al., 2004) to the firm-level of analysis. Thus, a dynamic capabilities framework allows the
integration of theoretical perspectives on diversity and firm performance, while offering a unique
explanation of the processes through such effects occur.
A Capabilities Model of Diversity and Firm Performance
Although many types of capabilities may influence firm performance, we focus on those
expected to be shaped by diversity. Using Cox and Blake’s (1991) arguments for how diversity
might contribute “net-added value to organizational processes” (p. 46) as a starting point, we
identified a subset of capabilities through which we would expect diversity to affect firm
performance. Specifically, we focus our discussion on the following: market access, research and
development, efficiency, knowledge management, alliancing/brokerage, and system flexibility
(see Figure 1). Below we discuss each capability and how different types of diversity may
influence each and subsequently, indicators of organizational effectiveness.
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Insert Figure 1 about here
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Market access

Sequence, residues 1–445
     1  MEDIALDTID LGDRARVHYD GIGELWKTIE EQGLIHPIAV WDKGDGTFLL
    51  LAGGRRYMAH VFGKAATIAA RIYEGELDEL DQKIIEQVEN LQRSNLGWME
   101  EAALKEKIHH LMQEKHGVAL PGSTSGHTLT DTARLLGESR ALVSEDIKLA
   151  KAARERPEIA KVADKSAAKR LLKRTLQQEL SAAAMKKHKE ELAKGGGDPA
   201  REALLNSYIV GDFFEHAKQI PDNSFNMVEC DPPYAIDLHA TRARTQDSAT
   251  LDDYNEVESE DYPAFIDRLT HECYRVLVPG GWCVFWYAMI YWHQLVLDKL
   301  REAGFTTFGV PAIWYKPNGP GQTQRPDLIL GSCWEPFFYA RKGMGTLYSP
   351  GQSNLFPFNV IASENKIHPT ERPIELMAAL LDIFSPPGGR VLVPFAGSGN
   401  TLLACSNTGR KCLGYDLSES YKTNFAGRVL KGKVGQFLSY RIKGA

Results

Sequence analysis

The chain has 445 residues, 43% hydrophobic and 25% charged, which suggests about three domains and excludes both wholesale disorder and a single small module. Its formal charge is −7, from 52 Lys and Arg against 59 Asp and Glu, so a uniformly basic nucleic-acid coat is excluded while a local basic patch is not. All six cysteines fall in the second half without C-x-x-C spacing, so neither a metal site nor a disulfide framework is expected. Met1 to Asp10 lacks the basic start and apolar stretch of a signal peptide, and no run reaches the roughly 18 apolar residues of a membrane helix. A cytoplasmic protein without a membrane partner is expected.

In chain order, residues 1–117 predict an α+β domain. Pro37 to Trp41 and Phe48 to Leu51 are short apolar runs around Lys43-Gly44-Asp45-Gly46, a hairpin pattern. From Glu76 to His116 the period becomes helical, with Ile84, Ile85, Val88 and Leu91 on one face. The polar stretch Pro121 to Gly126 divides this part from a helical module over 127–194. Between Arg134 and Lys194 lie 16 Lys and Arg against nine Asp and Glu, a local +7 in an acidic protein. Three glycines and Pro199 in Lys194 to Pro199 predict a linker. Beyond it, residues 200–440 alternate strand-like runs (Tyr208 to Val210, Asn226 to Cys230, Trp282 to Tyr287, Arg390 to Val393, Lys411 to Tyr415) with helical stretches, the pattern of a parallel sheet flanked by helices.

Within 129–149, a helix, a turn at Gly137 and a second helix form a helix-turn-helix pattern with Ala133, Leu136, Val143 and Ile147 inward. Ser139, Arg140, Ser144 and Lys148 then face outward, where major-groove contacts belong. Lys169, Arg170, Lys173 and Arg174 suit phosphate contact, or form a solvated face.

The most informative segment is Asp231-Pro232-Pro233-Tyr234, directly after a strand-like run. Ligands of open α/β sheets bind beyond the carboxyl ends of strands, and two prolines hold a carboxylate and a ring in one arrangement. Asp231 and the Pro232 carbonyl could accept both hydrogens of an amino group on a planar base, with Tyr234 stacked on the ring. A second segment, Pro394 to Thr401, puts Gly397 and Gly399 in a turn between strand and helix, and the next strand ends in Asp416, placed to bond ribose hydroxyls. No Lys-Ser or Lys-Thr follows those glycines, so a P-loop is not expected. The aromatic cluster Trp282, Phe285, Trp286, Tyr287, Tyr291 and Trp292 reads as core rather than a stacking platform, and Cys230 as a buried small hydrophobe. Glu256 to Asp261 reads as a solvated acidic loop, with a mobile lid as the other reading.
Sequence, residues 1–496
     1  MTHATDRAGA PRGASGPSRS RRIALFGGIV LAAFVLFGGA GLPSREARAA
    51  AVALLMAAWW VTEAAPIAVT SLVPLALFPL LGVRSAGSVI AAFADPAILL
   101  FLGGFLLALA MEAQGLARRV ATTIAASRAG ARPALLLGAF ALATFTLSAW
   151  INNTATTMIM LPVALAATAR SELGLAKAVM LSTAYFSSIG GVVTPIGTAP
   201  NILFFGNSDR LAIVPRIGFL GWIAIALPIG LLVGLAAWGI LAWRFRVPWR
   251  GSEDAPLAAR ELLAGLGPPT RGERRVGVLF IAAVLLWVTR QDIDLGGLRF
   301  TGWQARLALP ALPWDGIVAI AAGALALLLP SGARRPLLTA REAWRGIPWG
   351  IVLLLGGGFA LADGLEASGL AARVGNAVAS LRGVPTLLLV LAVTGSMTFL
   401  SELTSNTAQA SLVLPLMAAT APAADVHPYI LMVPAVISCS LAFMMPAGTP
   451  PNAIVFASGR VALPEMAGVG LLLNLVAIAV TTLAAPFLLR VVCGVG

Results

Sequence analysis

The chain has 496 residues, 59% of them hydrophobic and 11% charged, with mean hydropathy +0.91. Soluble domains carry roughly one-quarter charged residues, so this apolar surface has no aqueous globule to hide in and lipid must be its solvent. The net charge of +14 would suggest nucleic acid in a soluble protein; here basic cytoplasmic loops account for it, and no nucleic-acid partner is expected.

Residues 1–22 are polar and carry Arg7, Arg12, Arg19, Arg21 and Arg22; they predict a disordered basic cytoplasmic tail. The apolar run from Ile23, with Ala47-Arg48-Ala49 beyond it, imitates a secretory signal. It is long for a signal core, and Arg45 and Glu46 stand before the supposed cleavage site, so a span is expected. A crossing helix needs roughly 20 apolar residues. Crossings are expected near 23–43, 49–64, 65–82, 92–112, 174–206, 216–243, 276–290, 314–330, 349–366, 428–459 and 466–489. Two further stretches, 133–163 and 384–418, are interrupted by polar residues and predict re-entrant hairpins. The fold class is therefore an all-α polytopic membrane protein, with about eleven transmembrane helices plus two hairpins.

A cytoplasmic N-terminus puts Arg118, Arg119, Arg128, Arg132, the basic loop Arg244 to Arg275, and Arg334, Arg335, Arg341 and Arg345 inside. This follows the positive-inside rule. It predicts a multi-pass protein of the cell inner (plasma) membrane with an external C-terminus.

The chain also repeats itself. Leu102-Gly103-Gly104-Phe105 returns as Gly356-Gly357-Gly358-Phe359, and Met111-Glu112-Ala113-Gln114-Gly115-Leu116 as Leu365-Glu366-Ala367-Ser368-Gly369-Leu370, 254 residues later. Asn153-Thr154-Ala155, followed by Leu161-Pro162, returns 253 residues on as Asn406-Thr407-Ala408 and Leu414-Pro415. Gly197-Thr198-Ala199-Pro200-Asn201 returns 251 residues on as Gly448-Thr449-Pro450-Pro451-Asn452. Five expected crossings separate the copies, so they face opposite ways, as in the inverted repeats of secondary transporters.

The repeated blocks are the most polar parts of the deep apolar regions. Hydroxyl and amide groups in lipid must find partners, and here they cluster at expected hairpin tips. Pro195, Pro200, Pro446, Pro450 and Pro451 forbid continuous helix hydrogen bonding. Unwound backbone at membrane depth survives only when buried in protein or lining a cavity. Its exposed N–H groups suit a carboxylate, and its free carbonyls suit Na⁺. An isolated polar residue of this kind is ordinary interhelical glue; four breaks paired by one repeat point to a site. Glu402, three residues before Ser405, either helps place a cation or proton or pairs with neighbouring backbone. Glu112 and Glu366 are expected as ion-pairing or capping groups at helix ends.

Diversity in firms may influence market access, or a firm’s capability for entering and
competing in specific markets (Gelos, Sahay & Sandleus, 2011). As a primary functional
activity, marketing can serve as a source of competitive advantage by adding value to firms’
goods or services (Porter, 1985). Through branding and differentiating products and services
from those of rivals, marketing capabilities also allow firms to meet competitive demands (Gelos
et al., 2011). As such, this capability for understanding and delivering on consumer needs may
facilitate the development of new customer and client relationships and trust within established
markets; thereby increasing the likelihood that consumers are willing to purchase goods and
services and for higher prices from specific firms.
Given culturally diversity in customer and client markets, Thomas and Ely (1996)
propose that matching such diversity in workforces provides firms with an ability to reach and
understand a broader range of consumers. They posit that because such segments of the market
have specialized wants and needs, having their perspectives represented and understood within
firm workforces provides access to, and legitimacy with, those segments. Thus, as cultural
backgrounds are considered assets for enhancing a firm’s capability for entering and competing